Political expediency and professional sabotage push her towards a quick departure on her next exposition, despite the outcry from her family and the roasting she receives from the gossipy tabloids of the day. While patron Lord Hilford is past the age of being able to attempt any kind of strenuous journey, Isabella is once again in the company of Mr. Thomas Wilker (with their professional relationship a bit less strained than it was in Vystrana), as well as headstrong young heiress Natalie Oscott (Lord Hilford’s granddaughter), whose interest in the exposition lends itself more towards engineering – and escaping her father’s demand to remain in Falchester to find a suitable husband. Their destination? The sultry jungles of Eriga, to study the legendary swamp-wryms that abide there.
Although the small band of natural historians aims for no other accomplishments than what will come from solely focusing on scientific pursuits, none of them are naive enough to believe that politics and cultural entanglements will not need to be waded through any less carefully than the native swamps. But even this awareness does not adequately brace Isabella for the immediate and overwhelming differences she encounters upon their arrival of the port city of Nsebu.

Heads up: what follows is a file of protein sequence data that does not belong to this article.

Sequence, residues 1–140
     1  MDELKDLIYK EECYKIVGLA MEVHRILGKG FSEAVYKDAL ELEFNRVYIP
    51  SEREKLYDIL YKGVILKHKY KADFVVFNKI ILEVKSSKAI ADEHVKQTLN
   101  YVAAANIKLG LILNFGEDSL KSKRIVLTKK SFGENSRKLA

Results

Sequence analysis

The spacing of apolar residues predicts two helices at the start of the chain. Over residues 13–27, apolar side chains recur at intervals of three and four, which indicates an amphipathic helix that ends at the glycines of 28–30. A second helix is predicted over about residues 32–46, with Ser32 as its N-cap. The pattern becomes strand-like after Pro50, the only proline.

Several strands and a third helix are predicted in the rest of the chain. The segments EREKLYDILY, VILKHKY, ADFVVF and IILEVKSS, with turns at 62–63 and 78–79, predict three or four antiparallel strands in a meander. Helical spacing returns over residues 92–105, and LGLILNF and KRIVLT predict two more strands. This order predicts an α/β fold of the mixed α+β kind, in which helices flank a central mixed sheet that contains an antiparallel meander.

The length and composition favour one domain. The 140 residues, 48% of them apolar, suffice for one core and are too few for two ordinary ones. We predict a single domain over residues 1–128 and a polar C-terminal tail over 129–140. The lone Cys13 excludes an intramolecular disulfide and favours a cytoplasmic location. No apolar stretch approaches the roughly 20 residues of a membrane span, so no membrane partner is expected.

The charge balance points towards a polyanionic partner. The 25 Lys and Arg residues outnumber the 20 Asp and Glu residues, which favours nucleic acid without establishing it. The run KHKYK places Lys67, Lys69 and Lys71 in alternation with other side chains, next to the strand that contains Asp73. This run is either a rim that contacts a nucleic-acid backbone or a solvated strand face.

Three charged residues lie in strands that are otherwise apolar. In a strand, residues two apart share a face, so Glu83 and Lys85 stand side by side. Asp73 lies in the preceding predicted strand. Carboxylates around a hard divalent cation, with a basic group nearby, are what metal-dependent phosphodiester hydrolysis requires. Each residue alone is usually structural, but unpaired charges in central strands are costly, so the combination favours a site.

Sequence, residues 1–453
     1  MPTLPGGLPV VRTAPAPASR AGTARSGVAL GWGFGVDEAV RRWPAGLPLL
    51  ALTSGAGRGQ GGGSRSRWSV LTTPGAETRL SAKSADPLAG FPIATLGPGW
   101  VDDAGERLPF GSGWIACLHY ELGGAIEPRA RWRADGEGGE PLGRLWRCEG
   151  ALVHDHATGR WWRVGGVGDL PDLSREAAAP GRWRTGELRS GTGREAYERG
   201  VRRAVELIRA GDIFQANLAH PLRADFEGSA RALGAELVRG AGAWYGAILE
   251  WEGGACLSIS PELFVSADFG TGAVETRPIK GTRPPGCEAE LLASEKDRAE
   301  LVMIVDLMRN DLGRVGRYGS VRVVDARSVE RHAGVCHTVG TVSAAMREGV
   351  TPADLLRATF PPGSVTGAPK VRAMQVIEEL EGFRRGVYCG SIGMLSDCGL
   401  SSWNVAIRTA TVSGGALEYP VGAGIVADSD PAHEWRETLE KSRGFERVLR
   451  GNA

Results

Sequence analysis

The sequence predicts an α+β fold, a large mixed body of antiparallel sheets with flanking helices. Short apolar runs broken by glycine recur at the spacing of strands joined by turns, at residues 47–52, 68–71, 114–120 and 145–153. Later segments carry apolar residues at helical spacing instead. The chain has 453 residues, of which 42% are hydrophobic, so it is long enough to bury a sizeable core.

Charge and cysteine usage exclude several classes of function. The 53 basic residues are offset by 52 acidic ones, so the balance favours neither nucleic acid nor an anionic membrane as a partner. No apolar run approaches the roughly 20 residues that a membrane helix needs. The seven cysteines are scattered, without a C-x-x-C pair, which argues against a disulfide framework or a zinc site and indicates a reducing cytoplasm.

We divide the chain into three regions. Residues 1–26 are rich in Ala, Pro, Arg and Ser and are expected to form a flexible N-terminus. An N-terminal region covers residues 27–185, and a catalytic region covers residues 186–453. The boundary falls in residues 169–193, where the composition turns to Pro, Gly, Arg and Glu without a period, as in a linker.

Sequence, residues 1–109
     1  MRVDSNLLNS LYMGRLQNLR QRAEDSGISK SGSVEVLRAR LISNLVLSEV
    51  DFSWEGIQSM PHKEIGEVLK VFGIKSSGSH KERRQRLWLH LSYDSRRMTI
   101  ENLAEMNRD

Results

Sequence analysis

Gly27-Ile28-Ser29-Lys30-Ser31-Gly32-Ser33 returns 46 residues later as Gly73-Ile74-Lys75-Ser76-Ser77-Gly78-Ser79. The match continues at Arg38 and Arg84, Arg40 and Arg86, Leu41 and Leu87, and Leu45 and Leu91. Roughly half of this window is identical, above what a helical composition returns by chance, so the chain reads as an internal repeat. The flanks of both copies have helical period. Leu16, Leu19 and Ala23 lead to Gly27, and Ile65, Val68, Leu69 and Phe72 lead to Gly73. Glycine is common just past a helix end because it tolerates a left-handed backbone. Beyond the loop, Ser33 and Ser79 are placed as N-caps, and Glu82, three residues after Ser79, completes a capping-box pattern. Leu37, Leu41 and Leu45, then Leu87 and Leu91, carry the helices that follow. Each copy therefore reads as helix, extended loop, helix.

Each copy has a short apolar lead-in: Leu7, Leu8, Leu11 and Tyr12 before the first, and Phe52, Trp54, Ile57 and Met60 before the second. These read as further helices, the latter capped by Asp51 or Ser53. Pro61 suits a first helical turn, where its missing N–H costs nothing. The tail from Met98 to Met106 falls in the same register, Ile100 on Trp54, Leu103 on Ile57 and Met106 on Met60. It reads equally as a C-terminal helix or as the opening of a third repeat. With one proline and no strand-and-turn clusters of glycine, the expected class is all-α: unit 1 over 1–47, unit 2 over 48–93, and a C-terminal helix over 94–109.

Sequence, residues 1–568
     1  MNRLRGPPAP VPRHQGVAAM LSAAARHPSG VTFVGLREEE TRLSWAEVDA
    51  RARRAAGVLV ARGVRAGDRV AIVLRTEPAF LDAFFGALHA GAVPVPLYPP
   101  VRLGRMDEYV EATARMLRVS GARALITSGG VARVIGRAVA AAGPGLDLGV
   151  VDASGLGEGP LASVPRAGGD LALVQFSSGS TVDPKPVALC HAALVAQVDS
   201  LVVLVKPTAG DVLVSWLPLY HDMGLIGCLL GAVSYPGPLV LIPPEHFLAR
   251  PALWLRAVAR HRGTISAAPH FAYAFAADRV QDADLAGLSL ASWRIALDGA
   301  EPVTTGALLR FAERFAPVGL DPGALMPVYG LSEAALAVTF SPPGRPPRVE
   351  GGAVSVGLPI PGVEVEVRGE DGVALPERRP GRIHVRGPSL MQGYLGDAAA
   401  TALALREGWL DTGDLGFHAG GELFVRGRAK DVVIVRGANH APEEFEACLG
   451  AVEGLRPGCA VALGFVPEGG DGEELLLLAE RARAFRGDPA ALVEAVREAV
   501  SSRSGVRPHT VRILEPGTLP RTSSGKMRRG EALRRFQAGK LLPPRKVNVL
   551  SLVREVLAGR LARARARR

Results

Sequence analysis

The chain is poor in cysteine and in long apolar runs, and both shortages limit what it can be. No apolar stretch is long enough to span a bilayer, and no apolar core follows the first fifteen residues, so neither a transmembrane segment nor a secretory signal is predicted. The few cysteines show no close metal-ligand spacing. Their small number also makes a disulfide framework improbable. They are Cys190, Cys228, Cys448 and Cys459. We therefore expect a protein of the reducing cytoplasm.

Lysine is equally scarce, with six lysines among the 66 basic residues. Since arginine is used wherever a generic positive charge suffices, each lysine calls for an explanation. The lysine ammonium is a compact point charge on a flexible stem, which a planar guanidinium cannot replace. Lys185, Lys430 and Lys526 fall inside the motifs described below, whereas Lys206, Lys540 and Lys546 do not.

Neither words nor images suffice to communicate what greeted me as we came into port, for even the best artwork is a static thing of the eye alone, and words are by their nature linear. I can tell you of the smells that assaulted my nose: the salt sea, the coal smoke of other steamers, the fish and shellfish that even today make up a brisk part of the port’s local trade, the spices whose aromatic vibrancy is all out of proportion to their quantity. Unwashed bodies and tar, fresh-cut tropical lumber, the greasy stench of lunch being fried for dockworkers and hungry travellers alike. But I can only tell you of one scent at a time, and I cannot present those to you at the same time as I give you the sounds and the sights, the mad clamour that was my first experience of Eriga.